There's also little faith that technological advances in medicine will make a dent in these rising costs. Instead, new techniques seem to require enormous expenditures. And while science has made big strides in unraveling the human genome, the resulting new drugs are expensive to produce.
But before concluding that technology can't reduce costs, let's remember a bit of history. Throughout the PC boom of the 1980s and early '90s, the same doubts were raised about the payoff from info tech. People saw huge sums being spent on computers and software -- well over 3% of GDP -- with no apparent efficiency gain. Economists called this "the productivity paradox" and even proposed that computers were cutting efficiency, by giving people more opportunity to goof off at work. In 1987, Nobel prize winner Robert M. Solow famously said: "You can see the computer age everywhere but in the productivity statistics."
The payoff from info tech was there, however -- it just took longer than expected. Intel Corp. (INTC
) introduced the first microprocessor in 1971, but it took 25 years for real productivity gains to show up. Now they are obvious to everyone.
Today, biotech may well be where info tech was in the 1980s: a technology that is still expensive and hasn't matured yet. Genentech (DNA
) only brought the first recombinant DNA drug to market in 1982. If biotech follows the same path as info tech, then real gains in medical productivity -- measured by cost per patient -- should arrive toward the end of this decade.
While the nature of technological change is hard to predict, we can already see a glimmer of how these gains might happen. Improvements in biotech manufacturing, for example, are likely to bring down costs. Understanding better why only some cancer patients benefit from a treatment could make doctors more efficient in prescribing expensive drugs. And the continued shrinkage in the size and expense of devices such as implantable cardiac defibrillators could help limit hospital stays.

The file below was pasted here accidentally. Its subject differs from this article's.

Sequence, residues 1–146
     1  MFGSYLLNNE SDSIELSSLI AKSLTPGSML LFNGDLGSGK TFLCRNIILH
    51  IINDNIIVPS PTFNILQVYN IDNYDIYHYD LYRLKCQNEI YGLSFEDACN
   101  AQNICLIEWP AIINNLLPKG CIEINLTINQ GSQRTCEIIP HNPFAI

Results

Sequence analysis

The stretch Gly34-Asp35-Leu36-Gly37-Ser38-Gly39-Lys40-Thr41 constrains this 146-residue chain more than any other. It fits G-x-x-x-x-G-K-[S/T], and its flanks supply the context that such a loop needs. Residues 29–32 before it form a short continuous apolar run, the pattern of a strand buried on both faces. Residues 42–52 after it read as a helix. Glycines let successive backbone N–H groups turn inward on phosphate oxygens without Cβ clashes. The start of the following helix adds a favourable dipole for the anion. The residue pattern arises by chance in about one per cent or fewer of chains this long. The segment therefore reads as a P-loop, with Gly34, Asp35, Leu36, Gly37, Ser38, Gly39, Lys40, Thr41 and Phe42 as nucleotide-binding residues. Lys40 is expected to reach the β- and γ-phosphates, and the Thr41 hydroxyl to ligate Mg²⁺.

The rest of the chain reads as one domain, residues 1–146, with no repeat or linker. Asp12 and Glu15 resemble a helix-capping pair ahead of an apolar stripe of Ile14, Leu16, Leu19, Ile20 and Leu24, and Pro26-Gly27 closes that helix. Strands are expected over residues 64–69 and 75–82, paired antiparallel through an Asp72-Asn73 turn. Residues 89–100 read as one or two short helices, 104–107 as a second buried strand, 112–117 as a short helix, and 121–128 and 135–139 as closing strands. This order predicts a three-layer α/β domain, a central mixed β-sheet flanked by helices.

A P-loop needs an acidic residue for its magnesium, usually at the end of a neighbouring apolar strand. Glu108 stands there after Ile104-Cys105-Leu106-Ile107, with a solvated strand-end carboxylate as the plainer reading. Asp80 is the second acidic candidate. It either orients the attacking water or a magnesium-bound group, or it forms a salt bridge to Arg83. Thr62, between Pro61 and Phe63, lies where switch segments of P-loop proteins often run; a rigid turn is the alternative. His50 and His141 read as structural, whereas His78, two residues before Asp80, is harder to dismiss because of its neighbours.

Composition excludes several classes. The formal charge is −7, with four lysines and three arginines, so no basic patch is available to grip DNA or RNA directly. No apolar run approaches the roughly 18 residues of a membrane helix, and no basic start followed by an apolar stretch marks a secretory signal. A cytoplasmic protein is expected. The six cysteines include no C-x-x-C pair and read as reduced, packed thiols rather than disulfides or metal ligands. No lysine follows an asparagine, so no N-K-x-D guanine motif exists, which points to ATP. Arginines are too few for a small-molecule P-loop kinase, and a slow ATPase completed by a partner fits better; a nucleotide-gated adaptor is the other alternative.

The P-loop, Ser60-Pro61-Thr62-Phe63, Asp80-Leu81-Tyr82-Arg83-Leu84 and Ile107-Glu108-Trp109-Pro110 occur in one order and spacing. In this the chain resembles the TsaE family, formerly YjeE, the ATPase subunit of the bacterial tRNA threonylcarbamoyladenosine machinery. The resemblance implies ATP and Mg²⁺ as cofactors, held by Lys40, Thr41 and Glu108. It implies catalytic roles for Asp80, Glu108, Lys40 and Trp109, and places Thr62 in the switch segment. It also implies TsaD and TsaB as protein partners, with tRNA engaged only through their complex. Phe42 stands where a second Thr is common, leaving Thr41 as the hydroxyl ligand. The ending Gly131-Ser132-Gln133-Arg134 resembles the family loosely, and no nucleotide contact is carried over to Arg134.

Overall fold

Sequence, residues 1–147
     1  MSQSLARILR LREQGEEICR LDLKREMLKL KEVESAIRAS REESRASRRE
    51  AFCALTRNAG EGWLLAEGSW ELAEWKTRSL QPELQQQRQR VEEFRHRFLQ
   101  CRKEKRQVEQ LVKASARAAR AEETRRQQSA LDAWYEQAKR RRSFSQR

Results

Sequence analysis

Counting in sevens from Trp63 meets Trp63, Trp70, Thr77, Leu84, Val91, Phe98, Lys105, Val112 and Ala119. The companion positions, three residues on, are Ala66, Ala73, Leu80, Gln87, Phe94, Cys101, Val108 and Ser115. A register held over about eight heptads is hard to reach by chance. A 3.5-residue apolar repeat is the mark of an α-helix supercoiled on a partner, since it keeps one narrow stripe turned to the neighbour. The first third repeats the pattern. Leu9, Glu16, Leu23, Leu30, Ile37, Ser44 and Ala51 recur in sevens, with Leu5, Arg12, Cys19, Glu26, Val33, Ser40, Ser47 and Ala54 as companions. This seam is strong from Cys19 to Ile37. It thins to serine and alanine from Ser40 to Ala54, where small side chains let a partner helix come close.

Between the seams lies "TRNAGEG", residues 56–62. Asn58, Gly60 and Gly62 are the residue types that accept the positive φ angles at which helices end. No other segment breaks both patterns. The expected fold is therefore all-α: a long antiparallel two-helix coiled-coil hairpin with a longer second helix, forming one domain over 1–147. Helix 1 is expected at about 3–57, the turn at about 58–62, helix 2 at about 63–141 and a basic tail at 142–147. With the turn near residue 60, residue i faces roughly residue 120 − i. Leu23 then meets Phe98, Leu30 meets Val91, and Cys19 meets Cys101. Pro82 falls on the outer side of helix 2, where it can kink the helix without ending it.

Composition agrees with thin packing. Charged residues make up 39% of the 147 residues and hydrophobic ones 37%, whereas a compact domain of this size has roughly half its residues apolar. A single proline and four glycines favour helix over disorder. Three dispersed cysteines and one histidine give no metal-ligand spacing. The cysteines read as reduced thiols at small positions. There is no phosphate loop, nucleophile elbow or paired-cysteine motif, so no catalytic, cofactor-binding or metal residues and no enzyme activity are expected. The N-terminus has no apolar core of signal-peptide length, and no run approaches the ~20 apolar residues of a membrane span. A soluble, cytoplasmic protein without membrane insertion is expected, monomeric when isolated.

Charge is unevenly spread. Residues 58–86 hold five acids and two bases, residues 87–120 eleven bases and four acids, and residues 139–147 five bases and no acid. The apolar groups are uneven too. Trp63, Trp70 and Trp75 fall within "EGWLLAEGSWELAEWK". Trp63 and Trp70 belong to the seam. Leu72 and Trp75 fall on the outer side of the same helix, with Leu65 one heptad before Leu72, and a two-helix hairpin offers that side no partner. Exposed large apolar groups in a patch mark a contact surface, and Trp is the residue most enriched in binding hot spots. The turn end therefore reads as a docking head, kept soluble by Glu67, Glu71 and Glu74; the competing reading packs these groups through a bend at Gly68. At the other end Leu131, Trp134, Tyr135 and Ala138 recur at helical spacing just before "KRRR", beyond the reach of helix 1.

Current forecasts don't factor in the cost-reducing potential of such new technologies. Instead, most analysts assume that the pattern of recent years -- of health-care costs outracing GDP -- will continue indefinitely. That's why long-term projections show health care rising explosively as a share of GDP.
But in a dynamic industry such as health care, extrapolating current trends into the long-term future is a mistake. To see how ludicrous these assumptions are, let's apply the same methods to the future of info tech. In the past 10 years, business spending on technology, per person, has risen at 6.6% a year, compared with a 4% rise in per capita GDP. If we follow the lead of health-care analysts and extend this trend, we reach the absurd conclusion that, in 75 years, information technology will absorb almost 29% of GDP.
Moreover, most long-term forecasts use a projection method that rules out the possibility that the U.S. can grow its way out of the health-care-spending squeeze. The Medicare Trustees, like most other analysts, assume that over the long run, health-care costs per beneficiary will grow at a rate one percentage point faster than per-capita GDP. For example, if per-capita GDP rose at 3.5% a year, analysts assume medical costs would climb 4.5%. Or if GDP jumped an astronomical 5.5% a year, medical costs would surge 6.5%.
Under these assumptions, the economy is like a greyhound chasing a mechanical rabbit -- it can never catch up with medical costs. That's why most forecasts conclude that faster economic growth actually creates bigger Medicare deficits. In reality, however, there's no reason why more robust growth will automatically translate into even more medical spending.
In fact, the biggest dangers are a slowdown in growth and a lack of technological innovation. A long-term reduction in the rate of economic growth could lead to a smaller pie, making it harder to pay for medical care. And a lack of technological breakthroughs could leave today's labor-intensive, hospital-based system still in place -- an untenable long-term setup.
Nobody is saying that health-care costs are a minor issue. But the burden of paying for Medicare and medical care in general may turn out to be lighter than people expect. By Michael J. Mandel